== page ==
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Maybach Family Vineyards Materium (1.5 Liter Magnum) 2007

Cabernet Sauvignon from Napa Valley, California
  • RP99
  • WS98
0% ABV
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Winemaker Notes

#24 Wine Spectator Top 100 of 2010

Fourth release of Maybach Materium, from a single block of the Weitz Vineyard, which sits at 1000 feet elevation on the eastern hillside of Oakville, a bonded growing area unique in all the world. The vines here struggle to grow among boulders and stones and in shallow soil, giving deep concentration to the fruit.

Critical Acclaim

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RP 99
Robert Parker's Wine Advocate
The prodigious 2007 Materium exhibits an even more opaque purple color, and ratchets up the level of intensity and aromatic complexity. Blackberry, black raspberry, blueberry, and cassis aromas intermixed with notes of crushed rocks, spring flowers, and toasty new oak are found in this beauty. Outstanding intensity along with full-bodied power and beautifully integrated acids, tannins, alcohol, and wood suggest this 2007 should hit its peak in 5-7 years, and evolve for three decades or more.
WS 98
Wine Spectator
A riveting wine, notably rich and sophisticated, with layers of plush yet firm mocha, blackberry, plum and wild berry flavors that are full-blown. A dash of lavender and mineral and floral scents give this great depth, persistence and range of flavor, with a grand finish. Best from 2012 through 2024.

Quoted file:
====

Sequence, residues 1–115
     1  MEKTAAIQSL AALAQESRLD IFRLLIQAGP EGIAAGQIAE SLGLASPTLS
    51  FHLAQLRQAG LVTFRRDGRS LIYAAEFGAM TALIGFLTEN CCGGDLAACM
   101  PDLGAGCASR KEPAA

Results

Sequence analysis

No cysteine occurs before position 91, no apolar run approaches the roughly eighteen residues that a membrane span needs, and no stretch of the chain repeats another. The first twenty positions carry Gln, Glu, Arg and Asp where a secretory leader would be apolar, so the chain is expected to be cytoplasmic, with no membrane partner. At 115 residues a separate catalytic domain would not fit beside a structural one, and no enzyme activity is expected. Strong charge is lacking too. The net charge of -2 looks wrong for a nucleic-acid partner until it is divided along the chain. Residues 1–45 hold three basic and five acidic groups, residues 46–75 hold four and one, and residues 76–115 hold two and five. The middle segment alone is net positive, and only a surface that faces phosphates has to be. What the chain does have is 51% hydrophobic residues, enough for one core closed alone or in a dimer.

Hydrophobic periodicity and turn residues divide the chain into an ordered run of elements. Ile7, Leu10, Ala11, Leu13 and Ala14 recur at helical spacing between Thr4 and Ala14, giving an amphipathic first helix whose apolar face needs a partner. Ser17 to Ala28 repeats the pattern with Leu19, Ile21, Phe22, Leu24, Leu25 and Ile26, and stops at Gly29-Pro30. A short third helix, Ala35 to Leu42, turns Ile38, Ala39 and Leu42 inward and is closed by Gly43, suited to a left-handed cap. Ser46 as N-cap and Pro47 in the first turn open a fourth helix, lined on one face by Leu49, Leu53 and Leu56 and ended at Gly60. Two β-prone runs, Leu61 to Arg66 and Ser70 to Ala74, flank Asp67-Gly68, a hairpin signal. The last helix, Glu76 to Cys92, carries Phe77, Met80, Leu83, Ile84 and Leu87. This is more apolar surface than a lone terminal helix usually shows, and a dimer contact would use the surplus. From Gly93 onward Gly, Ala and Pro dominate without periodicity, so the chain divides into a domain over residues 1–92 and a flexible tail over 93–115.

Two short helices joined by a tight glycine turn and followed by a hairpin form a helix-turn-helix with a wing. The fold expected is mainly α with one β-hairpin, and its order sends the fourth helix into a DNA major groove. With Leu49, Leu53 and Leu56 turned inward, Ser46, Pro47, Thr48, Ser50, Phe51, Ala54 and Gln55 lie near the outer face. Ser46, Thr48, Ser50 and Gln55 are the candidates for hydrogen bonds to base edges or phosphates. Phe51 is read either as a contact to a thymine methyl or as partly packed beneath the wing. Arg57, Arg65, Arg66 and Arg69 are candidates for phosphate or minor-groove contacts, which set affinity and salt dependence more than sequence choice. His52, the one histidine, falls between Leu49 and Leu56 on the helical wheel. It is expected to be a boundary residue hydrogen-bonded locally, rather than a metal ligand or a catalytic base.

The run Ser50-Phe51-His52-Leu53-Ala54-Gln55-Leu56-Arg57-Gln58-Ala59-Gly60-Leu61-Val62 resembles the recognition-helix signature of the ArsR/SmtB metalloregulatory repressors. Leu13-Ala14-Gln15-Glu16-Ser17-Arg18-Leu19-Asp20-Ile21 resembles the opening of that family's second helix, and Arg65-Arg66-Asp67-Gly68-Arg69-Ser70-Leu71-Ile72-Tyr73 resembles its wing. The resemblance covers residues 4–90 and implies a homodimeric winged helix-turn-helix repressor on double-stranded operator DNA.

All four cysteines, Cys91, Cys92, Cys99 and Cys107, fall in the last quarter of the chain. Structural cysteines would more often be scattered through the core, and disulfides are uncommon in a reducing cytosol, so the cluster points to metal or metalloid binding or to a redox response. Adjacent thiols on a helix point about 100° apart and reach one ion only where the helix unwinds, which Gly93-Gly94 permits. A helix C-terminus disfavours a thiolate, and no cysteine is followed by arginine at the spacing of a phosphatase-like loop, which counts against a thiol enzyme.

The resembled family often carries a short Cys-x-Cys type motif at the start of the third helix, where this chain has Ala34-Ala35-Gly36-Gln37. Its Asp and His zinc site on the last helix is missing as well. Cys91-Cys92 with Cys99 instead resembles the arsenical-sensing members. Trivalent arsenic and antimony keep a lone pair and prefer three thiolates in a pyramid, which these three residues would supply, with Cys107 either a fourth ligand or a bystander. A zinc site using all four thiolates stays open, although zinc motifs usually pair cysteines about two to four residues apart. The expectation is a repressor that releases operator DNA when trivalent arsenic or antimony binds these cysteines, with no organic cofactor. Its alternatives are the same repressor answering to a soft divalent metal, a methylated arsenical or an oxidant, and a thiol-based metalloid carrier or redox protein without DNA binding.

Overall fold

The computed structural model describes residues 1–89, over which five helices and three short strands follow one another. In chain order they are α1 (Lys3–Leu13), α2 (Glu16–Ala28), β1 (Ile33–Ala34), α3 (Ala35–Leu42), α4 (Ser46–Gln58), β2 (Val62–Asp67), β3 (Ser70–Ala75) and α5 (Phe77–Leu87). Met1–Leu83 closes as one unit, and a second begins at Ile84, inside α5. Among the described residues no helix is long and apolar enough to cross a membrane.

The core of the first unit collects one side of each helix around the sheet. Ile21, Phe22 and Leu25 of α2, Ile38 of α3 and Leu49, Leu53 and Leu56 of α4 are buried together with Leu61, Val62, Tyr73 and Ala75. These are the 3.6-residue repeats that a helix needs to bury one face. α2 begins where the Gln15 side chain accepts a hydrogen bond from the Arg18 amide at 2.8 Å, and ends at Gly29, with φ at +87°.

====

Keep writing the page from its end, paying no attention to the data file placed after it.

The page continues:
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Maybach Family Vineyards

Maybach Family Vineyards

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Maybach Family Vineyards, Napa Valley, California
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From humble beginnings as a trainee in a German orphanage, Wilhelm Maybach came to invent the high-speed internal combustion engine which led to his creation of the first motorcycle. In 1901, as chief engineer and business partner to Gottlieb Daimler, he designed and built the first Mercedes cars. In later years, Wilhelm's son, Karl Maybach, developed the first high-speed diesel engine and constructed motors for the Zeppelin airships that circled the globe in the 1920's and 30's.

In 2002, Daimler AG revitalized the Maybach brand in recognition of the father and son who together played such a monumental role in defining German engineering.

100 years later, the name Maybach remains synonymous with quality at the finest level. The tradition of individuality and craftsmanship established by the Maybach ancestors, the winery continues to honor with with its hand-made wines.

Napa Valley

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One of the world's most highly regarded regions for wine production as well as tourism, the Napa Valley was responsible for bringing worldwide recognition to California winemaking. In the 1960's, a few key wine families settled the area and hedged their bets on the valley's world-class winemaking potential—and they were right.